Moscow Defense Brief

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#6 (68), 2018


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Armed Conflicts

Events in The Kodori Gorge**


Research Director,

Caucasian Institute of Mass Media


South Osetian Center for Humanitarian Initiatives and Studies

On October 16-20, 2001, that is, right at the time of fierce fighting in the Kodori Gorge, a group of representatives from the Caucasus Fo­rum (CF), a network of peacemaking NGOs from the Caucasus region, conducted a moni­toring mission in Abkhazia. The goal of the monitoring was to get first hand information, that is, from eyewitnesses, on events in the Kodori gorge. The members of the working group tried to com­pletely distance themselves from all media re­ports, whether they be Geor­gian, Abkhaz or Rus­sia, and work exclusively with primary sources of information, since the geographical compactness of Abkhazia makes it possible to meet with key participants and wit­nesses of events in a short time span. Despite the lack of time, the task was completed thanks to the assistance provided to the group in its work by both the Abkhaz leader­ship and, espe­cially, nongovernmental organiza­tions.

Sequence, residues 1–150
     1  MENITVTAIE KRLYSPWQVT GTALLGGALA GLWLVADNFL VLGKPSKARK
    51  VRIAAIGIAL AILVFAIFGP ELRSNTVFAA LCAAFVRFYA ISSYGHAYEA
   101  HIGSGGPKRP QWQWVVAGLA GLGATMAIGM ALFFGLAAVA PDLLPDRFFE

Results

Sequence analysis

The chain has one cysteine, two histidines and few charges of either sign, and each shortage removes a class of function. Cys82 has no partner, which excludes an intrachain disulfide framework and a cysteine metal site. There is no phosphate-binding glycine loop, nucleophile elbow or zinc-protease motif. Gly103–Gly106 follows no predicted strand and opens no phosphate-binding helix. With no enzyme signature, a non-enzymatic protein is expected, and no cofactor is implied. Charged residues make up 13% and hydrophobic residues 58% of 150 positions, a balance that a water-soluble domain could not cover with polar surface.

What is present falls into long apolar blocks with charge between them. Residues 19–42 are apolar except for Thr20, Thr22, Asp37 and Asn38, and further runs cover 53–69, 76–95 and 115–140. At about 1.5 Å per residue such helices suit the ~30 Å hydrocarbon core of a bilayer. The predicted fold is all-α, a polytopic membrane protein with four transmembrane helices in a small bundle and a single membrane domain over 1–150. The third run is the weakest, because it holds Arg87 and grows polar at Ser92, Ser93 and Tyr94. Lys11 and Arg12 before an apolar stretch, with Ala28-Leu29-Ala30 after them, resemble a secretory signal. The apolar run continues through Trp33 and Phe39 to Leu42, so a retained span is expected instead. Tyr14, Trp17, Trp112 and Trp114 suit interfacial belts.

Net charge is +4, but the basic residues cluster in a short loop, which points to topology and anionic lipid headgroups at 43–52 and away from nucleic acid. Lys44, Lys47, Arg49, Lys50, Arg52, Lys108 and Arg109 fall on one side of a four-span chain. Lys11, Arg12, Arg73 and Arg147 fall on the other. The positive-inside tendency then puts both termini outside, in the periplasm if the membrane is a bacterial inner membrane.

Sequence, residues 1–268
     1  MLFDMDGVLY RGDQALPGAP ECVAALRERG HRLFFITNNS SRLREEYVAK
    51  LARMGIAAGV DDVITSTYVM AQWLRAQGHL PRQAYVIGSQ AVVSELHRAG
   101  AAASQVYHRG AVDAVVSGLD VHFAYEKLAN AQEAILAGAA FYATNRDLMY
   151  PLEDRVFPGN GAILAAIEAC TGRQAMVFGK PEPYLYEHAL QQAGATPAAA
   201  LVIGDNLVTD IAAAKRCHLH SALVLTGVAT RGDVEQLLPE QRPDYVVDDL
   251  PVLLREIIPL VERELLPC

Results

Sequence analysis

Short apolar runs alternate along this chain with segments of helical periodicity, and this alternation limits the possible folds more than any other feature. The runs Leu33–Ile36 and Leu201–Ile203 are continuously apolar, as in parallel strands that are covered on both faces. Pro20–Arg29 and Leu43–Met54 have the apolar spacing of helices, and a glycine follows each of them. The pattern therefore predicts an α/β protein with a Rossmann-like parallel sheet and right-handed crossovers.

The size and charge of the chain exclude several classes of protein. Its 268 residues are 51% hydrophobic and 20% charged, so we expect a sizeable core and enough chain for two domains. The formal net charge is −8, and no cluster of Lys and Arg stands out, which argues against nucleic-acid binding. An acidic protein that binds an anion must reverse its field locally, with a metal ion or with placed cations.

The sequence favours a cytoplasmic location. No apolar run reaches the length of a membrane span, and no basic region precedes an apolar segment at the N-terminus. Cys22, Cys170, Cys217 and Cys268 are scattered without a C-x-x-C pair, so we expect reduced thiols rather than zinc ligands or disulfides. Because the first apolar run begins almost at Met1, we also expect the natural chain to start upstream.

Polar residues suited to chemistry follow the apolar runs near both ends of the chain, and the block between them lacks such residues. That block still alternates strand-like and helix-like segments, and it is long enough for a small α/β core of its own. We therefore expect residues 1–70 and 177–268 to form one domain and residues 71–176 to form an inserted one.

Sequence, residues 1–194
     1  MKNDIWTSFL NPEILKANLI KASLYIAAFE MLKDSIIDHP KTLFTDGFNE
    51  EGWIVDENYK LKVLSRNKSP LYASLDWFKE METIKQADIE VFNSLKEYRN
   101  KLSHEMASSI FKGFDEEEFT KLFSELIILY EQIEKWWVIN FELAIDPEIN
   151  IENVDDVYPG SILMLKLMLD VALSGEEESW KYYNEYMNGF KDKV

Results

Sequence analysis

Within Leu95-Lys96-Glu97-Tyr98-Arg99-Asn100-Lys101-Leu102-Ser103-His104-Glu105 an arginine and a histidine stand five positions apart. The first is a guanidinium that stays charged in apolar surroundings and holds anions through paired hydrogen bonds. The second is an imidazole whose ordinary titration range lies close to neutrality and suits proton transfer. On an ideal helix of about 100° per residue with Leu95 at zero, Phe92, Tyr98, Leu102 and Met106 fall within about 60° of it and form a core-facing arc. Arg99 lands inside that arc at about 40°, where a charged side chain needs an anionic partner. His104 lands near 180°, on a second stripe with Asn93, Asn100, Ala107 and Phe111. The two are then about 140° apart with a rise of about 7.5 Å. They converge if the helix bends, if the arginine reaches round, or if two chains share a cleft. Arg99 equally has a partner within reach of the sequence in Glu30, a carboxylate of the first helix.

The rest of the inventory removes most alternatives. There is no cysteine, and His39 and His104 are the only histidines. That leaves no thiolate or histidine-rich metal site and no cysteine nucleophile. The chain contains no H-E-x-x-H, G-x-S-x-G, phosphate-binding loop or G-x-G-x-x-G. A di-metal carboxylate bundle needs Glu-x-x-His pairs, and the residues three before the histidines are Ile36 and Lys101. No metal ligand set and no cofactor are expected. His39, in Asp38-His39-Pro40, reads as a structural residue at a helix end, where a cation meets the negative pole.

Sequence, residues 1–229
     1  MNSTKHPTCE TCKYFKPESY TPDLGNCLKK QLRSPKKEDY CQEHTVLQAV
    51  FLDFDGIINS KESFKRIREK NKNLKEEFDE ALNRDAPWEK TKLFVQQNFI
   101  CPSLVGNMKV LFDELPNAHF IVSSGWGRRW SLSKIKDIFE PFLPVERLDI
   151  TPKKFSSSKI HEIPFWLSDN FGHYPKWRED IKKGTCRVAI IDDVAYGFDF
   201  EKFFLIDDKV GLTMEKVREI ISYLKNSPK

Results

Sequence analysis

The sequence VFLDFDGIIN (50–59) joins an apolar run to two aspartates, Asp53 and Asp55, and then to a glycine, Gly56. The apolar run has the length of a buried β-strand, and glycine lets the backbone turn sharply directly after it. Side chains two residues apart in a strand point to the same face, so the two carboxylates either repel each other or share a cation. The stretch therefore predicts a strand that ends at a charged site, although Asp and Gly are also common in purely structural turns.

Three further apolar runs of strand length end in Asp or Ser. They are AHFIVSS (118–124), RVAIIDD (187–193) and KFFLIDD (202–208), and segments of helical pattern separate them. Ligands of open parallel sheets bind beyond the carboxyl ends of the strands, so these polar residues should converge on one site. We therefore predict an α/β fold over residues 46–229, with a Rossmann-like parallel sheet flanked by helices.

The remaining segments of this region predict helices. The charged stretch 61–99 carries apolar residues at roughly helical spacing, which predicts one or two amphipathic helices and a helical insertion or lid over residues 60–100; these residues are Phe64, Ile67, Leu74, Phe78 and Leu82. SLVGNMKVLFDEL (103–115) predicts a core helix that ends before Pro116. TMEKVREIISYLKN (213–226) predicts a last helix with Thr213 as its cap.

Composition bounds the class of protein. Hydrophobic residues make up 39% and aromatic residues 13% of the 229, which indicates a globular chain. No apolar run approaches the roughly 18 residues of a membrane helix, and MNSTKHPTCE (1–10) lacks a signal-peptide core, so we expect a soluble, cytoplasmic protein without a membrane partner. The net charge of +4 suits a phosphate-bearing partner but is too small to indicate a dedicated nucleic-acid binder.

Monitoring Methods

The group used a method of in-depth interviews and surveys of witnesses. Information was pro­vided by prisoners of war (POW), local resi­dents living directly in the war zone, victims, reserv­ists, military personnel, officials from the foreign ministry and security services, journal­ists, and representatives of the UN mission, in­ternational organizations based in Abkhazia, as well as local NGOs.